Despite the result, this is the end of the status quo

Boyd Tonkin on the fall-out from the Scottish referendum
Manolo Blahnik: The high priest of heels talks flats, Englishness, and why he loves Mary Beard

Manolo Blahnik: Flats, Englishness, and Mary Beard

The shoe designer who has been dubbed 'the patron saint of the stiletto'
The Beatles biographer reveals exclusive original manuscripts of some of the best pop songs ever written

Scrambled eggs and LSD

Behind The Beatles' lyrics - thanks to Hunter Davis's original manuscript copies
'Normcore' fashion: Blending in is the new standing out in latest catwalk non-trend

'Normcore': Blending in is the new standing out

Just when fashion was in grave danger of running out of trends, it only went and invented the non-trend. Rebecca Gonsalves investigates
Dance’s new leading ladies fight back: How female vocalists are now writing their own hits

New leading ladies of dance fight back

How female vocalists are now writing their own hits
Mystery of the Ground Zero wedding photo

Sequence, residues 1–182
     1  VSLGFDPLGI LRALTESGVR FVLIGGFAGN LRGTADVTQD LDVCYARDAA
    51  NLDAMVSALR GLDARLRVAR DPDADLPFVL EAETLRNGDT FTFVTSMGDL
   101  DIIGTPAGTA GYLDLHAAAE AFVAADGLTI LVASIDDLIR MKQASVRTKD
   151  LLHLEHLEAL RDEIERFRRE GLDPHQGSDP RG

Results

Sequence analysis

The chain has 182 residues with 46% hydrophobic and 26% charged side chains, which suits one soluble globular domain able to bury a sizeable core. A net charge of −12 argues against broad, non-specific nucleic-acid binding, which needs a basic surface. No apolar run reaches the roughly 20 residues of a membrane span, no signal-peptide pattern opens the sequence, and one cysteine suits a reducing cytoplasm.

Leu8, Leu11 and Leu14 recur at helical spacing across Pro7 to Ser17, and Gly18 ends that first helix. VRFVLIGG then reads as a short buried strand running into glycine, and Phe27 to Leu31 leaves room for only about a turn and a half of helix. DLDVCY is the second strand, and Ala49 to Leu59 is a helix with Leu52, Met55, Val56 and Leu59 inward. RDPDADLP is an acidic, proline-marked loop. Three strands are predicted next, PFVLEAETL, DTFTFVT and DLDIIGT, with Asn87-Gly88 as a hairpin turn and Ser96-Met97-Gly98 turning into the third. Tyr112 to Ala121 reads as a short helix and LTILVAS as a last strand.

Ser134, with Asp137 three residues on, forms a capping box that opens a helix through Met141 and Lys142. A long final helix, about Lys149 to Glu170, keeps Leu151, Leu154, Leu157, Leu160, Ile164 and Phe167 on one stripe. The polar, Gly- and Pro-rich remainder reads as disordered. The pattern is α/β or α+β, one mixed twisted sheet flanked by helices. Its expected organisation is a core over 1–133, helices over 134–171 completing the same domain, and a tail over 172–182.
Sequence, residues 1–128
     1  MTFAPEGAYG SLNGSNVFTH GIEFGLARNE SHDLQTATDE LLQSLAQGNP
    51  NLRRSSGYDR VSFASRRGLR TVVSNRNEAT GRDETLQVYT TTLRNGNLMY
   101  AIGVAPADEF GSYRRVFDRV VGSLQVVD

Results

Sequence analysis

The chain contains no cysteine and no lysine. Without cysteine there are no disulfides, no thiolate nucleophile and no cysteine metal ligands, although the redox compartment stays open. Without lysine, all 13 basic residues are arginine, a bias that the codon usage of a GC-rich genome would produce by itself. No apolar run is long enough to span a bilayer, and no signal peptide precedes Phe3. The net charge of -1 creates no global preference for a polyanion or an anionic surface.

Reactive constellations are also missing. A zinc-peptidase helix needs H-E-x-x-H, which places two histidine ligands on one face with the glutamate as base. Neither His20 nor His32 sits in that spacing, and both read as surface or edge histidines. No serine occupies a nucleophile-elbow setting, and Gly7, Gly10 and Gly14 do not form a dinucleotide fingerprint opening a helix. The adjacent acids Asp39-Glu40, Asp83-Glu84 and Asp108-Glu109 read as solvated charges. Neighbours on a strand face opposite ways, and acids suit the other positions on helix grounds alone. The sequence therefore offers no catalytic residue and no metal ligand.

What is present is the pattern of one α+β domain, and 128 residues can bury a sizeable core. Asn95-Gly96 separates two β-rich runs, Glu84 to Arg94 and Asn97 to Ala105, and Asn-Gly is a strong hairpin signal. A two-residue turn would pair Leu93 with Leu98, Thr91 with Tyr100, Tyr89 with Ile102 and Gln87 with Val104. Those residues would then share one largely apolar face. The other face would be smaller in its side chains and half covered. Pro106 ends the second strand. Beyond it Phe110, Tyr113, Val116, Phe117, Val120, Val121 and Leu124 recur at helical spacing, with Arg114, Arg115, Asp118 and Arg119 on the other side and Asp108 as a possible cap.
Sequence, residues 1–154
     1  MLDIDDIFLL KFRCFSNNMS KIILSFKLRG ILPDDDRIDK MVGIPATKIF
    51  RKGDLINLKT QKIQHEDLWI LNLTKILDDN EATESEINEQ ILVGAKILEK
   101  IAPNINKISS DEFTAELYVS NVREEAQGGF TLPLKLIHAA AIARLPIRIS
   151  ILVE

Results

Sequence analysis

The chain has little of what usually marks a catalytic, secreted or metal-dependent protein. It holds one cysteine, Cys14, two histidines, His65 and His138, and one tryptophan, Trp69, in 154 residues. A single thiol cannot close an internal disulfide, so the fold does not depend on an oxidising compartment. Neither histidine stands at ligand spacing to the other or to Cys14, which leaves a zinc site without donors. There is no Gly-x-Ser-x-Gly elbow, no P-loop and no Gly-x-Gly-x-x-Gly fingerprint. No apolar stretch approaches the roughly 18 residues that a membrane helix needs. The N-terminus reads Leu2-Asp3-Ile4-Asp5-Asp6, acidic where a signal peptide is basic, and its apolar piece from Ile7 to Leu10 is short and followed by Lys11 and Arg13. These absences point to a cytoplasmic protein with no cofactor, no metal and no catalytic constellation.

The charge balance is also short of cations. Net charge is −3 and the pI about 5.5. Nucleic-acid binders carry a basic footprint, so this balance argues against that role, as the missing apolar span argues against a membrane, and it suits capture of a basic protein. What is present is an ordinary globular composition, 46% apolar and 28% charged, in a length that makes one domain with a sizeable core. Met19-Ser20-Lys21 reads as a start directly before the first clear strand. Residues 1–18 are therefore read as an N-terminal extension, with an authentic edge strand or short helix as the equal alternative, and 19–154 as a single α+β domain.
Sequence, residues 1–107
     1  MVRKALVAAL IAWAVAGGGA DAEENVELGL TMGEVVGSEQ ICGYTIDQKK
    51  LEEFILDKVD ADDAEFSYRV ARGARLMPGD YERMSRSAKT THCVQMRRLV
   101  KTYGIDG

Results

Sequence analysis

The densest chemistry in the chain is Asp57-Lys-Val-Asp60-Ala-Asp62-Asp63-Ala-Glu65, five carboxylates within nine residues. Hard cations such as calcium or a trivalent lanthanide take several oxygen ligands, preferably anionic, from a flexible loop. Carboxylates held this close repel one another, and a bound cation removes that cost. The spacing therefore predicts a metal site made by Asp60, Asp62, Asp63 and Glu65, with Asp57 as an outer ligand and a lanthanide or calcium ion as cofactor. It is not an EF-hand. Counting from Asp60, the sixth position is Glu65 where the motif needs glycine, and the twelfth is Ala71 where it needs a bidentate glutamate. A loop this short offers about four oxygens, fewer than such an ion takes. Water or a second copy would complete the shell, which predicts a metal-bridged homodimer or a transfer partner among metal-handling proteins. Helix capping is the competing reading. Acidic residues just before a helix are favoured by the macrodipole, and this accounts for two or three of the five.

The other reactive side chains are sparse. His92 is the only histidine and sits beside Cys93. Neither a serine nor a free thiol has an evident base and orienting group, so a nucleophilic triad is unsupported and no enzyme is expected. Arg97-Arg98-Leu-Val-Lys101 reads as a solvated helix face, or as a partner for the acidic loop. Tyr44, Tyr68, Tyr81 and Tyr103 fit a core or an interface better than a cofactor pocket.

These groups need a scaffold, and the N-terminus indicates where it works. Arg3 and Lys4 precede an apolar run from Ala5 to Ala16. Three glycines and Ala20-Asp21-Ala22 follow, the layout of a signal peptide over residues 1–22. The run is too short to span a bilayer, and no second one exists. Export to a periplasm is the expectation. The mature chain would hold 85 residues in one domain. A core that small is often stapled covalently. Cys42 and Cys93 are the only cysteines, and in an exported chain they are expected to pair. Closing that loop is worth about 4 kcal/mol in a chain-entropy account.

A shot in the dark

Mystery of the wedding photo from Ground Zero
His life, the universe and everything

His life, the universe and everything

New biography sheds light on comic genius of Douglas Adams
Save us from small screen superheroes

Save us from small screen superheroes

Shows like Agents of S.H.I.E.L.D are little more than marketing tools
Reach for the skies

Reach for the skies

From pools to football pitches, rooftop living is looking up
These are the 12 best hotel spas in the UK

12 best hotel spas in the UK

Some hotels go all out on facilities; others stand out for the sheer quality of treatments
These Iranian-controlled Shia militias used to specialise in killing American soldiers. Now they are fighting Isis, backed up by US airstrikes

Widespread fear of Isis is producing strange bedfellows

Iranian-controlled Shia militias that used to kill American soldiers are now fighting Isis, helped by US airstrikes
Topshop goes part Athena poster, part last spring Prada

Topshop goes part Athena poster, part last spring Prada

Shoppers don't come to Topshop for the unique
How to make a Lego masterpiece

How to make a Lego masterpiece

Toy breaks out of the nursery and heads for the gallery
Meet the ‘Endies’ – city dwellers who are too poor to have fun

Meet the ‘Endies’ – city dwellers who are too poor to have fun

Urbanites are cursed with an acronym pointing to Employed but No Disposable Income or Savings
Paisley’s decision to make peace with IRA enemies might remind the Arabs of Sadat

Ian Paisley’s decision to make peace with his IRA enemies

His Save Ulster from Sodomy campaign would surely have been supported by many a Sunni imam